• to evaluate and consolidate existing current research or state of the research
  • to create a guide to a specific topic
  • to provide an up-to-date summary of the field, keep current in your field with background information; comprehensive knowledge
  • to explain how the body of knowledge fits together and develop explanations for variations in a behavior or phenomenon, show the paths and linkages between scholars
  • to explain how your research question fits into the larger picture; to lay a foundation for designing your research; put your work into perspective
  • to explain why you are approaching your topic in a particular way
  • to establish, distinguishing connections between sources that need to be highlighted.  To identify relationships between concepts or ideas
  • to make a case for additional research, find questions that need to be answered
  • to identify gaps in current knowledge, highlight strengths and weaknesses of existing knowledge and ideas
  • to demonstrate competency in assessing prior work
  • to identify methodologies relevant to your work
  • to have an accurate, well documented record of resources on a scholarly theme
  • to integrate and pull information together

How is a Literature Review organized?  How do I do a Literature Review?

  • Chronologically (some research may limit you to a maximum of 2 years)
  • Thematically/discipline based
  • Topical
  • Inverted pyramid:  broad to narrow
  • Classical according to significance
  • By publication
  • By trend
  • By methodology
  • Abstract—a paragraph summary of your literature review
  • Includes Introduction, Body, Conclusion


Do not use materials from the Internet unless it is a professional, peer reviewed scientific journal.  Ask a librarian or your professor to be sure if items from the Internet are valid and meet scholarly criteria if you have questions or doubts.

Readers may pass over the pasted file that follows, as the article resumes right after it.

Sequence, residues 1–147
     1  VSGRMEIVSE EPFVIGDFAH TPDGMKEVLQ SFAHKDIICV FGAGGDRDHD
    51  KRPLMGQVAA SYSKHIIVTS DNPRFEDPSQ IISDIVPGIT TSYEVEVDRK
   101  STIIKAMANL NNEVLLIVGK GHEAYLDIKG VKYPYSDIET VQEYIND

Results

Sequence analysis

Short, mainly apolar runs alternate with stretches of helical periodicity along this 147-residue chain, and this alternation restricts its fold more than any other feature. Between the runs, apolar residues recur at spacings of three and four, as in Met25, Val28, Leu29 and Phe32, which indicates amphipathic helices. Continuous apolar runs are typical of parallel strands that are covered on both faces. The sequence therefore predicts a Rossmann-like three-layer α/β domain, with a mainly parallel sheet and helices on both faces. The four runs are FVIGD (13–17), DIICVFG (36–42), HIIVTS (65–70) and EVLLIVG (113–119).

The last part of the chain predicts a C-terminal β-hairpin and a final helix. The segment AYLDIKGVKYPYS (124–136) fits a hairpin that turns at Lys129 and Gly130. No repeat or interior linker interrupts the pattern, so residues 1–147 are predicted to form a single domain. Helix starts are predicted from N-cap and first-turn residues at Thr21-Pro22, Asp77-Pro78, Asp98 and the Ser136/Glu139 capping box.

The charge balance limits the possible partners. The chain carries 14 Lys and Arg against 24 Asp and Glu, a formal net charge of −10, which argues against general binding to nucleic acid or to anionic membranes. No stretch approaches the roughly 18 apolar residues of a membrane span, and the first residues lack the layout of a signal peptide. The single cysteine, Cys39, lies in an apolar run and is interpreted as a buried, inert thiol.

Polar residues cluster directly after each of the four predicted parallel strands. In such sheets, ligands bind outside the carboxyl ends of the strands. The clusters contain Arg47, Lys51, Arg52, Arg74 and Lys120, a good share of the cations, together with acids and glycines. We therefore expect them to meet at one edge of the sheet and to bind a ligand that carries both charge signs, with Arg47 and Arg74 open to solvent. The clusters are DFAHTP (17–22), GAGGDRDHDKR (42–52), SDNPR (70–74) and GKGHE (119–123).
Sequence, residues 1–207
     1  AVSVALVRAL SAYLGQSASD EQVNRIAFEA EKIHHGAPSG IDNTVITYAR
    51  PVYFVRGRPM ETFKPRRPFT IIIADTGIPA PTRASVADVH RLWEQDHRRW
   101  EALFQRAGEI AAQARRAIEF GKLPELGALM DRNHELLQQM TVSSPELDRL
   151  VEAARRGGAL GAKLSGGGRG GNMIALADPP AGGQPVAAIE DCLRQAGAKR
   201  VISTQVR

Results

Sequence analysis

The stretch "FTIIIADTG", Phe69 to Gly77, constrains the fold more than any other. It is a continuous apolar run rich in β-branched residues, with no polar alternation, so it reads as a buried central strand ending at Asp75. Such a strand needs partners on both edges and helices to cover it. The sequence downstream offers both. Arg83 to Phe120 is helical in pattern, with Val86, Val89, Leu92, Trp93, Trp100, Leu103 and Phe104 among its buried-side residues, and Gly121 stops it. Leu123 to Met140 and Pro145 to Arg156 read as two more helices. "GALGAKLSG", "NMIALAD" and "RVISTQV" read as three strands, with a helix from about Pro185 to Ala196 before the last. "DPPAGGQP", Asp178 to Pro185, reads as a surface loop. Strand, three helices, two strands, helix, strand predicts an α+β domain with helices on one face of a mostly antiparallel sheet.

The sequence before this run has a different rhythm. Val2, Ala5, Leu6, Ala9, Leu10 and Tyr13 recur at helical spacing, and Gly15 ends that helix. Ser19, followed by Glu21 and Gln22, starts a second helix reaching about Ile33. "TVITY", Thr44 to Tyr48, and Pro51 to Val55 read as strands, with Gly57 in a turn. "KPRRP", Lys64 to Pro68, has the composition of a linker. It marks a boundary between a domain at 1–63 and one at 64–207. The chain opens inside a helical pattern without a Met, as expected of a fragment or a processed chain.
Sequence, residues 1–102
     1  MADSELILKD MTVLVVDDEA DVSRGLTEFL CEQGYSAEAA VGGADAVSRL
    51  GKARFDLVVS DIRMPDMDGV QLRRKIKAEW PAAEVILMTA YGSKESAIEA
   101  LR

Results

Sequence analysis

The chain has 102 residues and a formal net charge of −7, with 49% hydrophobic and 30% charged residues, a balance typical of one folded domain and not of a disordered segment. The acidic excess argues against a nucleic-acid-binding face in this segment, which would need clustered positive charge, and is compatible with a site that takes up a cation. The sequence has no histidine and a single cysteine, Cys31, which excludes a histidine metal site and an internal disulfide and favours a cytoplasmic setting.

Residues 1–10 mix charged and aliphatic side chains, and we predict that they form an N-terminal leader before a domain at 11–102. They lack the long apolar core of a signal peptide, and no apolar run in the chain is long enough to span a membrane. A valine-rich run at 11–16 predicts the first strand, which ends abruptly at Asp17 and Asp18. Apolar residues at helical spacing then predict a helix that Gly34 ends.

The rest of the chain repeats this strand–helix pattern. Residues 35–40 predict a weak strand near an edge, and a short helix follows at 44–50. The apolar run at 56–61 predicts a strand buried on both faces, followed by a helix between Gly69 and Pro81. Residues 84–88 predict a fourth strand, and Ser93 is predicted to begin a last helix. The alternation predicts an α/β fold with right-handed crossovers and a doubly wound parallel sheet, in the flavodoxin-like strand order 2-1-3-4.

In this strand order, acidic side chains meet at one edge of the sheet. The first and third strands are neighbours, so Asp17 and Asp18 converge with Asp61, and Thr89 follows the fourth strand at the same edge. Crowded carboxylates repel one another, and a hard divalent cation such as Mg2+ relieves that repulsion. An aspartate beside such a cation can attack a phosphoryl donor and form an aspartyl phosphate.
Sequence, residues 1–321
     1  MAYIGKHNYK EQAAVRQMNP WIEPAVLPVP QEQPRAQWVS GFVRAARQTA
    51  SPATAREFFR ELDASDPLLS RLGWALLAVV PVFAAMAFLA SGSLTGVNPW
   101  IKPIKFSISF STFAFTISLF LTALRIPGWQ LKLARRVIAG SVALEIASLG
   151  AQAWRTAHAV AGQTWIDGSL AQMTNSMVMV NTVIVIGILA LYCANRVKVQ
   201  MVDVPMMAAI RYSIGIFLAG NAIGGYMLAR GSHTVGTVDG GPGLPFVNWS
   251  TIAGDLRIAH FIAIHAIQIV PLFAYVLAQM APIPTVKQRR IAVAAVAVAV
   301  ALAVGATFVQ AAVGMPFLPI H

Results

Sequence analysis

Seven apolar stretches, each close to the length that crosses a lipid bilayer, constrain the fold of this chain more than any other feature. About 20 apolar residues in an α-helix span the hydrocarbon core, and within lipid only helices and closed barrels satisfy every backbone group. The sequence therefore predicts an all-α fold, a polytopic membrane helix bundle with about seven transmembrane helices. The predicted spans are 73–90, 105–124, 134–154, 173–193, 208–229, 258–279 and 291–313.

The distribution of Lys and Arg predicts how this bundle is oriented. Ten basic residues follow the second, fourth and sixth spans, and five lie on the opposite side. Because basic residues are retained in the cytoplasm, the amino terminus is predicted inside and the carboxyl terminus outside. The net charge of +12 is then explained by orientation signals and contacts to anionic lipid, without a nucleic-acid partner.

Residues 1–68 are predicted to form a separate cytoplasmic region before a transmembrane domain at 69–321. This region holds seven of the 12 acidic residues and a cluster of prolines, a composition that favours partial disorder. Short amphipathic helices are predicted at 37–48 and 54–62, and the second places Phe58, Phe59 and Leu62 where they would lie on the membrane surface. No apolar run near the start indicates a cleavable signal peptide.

What do Librarians have to do with it? Librarians are available for assistance:                                            

  • one on one research consultation
  • formulation of research question              
  • search strategy
  • identifying appropriate databases
  • advanced information seeking (beyond Zondervan)
  • help with citations (Zotero); interlibrary loan (ILLIAD)
  • other ideas regarding the literature review/research









Goals for this class session

Goals for this session are:

Discuss and expand knowledge of literature reviews: what they are, their purpose, and how finding a literature review will help further your research.

Where to find information. Understanding the tools that are available to you for KIN 355. What are the sources to mine and are most useful.

How to use the tools most effectively. Advanced search strategies: Further practice in Boolean searching and Subject Searching.

What is a DOI and how are ways to search?

Comparing Subject Databases with Google, Google Scholar

There are several things to consider when looking at a subject database: Scope, Access, Content, Authorship/Editorial Control, Indexing and Organization, and Reliability. Here is a table that compares Google, Google Scholar and generic subject databases (such as Sport Discus, PubMed/Medline.

I have a handout to provide in class that examines each of these features.